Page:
2015 ORS 801.220¹
"Crosswalk"

"Crosswalk" means any portion of a roadway at an intersection or elsewhere that is distinctly indicated for pedestrian crossing by lines or other markings on the surface of the roadway that conform in design to the standards established for crosswalks under ORS 810.200 (Uniform standards for traffic control devices). Whenever marked crosswalks have been indicated, such crosswalks and no other shall be deemed lawful across such roadway at that intersection. Where no marked crosswalk exists, a crosswalk is that portion of the roadway described in the following:

(1) Where sidewalks, shoulders or a combination thereof exists, a crosswalk is the portion of a roadway at an intersection, not more than 20 feet in width as measured from the prolongation of the lateral line of the roadway toward the prolongation of the adjacent property line, that is included within:

(a) The connections of the lateral lines of the sidewalks, shoulders or a combination thereof on opposite sides of the street or highway measured from the curbs or, in the absence of curbs, from the edges of the traveled roadway; or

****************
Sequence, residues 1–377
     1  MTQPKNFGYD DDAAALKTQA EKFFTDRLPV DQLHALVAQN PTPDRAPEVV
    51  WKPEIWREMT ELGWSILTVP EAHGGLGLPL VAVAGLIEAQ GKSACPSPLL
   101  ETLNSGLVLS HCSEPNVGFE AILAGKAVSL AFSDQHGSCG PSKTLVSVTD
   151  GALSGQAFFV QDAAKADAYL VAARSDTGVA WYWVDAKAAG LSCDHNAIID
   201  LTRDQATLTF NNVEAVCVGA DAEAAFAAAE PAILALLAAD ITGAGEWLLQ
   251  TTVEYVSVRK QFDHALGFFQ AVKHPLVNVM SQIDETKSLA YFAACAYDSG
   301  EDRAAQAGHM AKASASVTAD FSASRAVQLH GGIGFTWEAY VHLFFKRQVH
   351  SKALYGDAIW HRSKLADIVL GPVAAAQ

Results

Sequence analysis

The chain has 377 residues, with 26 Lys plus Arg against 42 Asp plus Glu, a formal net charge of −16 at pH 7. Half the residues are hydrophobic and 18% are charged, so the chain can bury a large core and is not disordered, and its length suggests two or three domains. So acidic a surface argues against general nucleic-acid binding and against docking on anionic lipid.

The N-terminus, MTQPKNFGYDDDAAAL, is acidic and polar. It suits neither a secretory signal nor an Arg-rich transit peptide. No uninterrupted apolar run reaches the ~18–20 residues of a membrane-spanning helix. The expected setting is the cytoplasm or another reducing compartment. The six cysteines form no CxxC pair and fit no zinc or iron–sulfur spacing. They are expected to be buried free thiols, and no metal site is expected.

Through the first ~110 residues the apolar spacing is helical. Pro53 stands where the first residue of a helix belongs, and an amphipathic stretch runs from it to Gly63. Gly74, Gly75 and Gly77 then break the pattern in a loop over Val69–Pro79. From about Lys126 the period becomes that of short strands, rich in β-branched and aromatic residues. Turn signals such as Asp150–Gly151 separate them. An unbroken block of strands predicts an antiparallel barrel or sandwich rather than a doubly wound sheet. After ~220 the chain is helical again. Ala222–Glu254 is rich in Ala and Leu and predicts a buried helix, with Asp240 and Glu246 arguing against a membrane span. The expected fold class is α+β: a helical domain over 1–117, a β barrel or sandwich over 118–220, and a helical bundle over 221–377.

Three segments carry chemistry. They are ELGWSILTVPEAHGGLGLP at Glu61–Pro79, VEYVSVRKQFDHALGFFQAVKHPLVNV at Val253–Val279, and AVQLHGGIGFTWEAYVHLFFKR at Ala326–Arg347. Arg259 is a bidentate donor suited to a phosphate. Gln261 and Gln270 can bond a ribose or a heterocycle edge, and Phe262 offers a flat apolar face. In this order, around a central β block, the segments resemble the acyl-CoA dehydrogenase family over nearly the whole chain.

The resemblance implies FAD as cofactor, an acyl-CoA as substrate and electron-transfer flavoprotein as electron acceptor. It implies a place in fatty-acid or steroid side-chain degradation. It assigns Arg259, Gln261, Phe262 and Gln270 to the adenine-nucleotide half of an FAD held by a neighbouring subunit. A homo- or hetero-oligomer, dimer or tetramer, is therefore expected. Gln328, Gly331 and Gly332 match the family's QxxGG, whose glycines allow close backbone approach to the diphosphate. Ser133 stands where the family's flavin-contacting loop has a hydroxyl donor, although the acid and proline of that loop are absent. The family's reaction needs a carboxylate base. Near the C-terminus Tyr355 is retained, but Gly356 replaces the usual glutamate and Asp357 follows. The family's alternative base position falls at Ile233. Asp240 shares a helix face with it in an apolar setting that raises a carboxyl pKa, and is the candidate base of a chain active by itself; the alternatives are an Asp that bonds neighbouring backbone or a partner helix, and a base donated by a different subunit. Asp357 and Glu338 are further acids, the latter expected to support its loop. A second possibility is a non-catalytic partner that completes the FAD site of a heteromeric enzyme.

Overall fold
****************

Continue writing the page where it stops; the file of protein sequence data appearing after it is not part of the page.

(b) The prolongation of the lateral lines of a sidewalk, shoulder or both, to the sidewalk or shoulder on the opposite side of the street, if the prolongation would meet such sidewalk or shoulder.

(2) If there is neither sidewalk nor shoulder, a crosswalk is the portion of the roadway at an intersection, measuring not less than six feet in width, that would be included within the prolongation of the lateral lines of the sidewalk, shoulder or both on the opposite side of the street or highway if there were a sidewalk. [1983 c.338 §36]

Notes of Decisions

Under Former Similar Statute

When sidewalks on opposite sides of street have different widths when lateral lines are connected, unmarked crosswalk takes shape of trapezoid. Rosen v. Wright, 74 Or App 83, 701 P2d 785 (1985)

  • Herald and News / Shelby King, Aug 20, 2011
    “When Jessica Palmer uses the crosswalk on Washburn Way with her three children, she doesn't assume motorists will obey the law. . . . ”

1 Legislative Counsel Committee, CHAPTER 801—General Provisions and Definitions for Oregon Vehicle Code, https://­www.­oregonlegislature.­gov/­bills_laws/­ors/­ors801.­html (2015) (last ac­cessed Jul. 16, 2016).
 
2 Legislative Counsel Committee, Annotations to the Oregon Revised Stat­utes, Cumulative Supplement - 2015, Chapter 801, https://­www.­oregonlegislature.­gov/­bills_laws/­ors/­ano801.­html (2015) (last ac­cessed Jul. 16, 2016).
 
3 OregonLaws.org assembles these lists by analyzing references between Sections. Each listed item refers back to the current Section in its own text. The result reveals relationships in the code that may not have otherwise been apparent.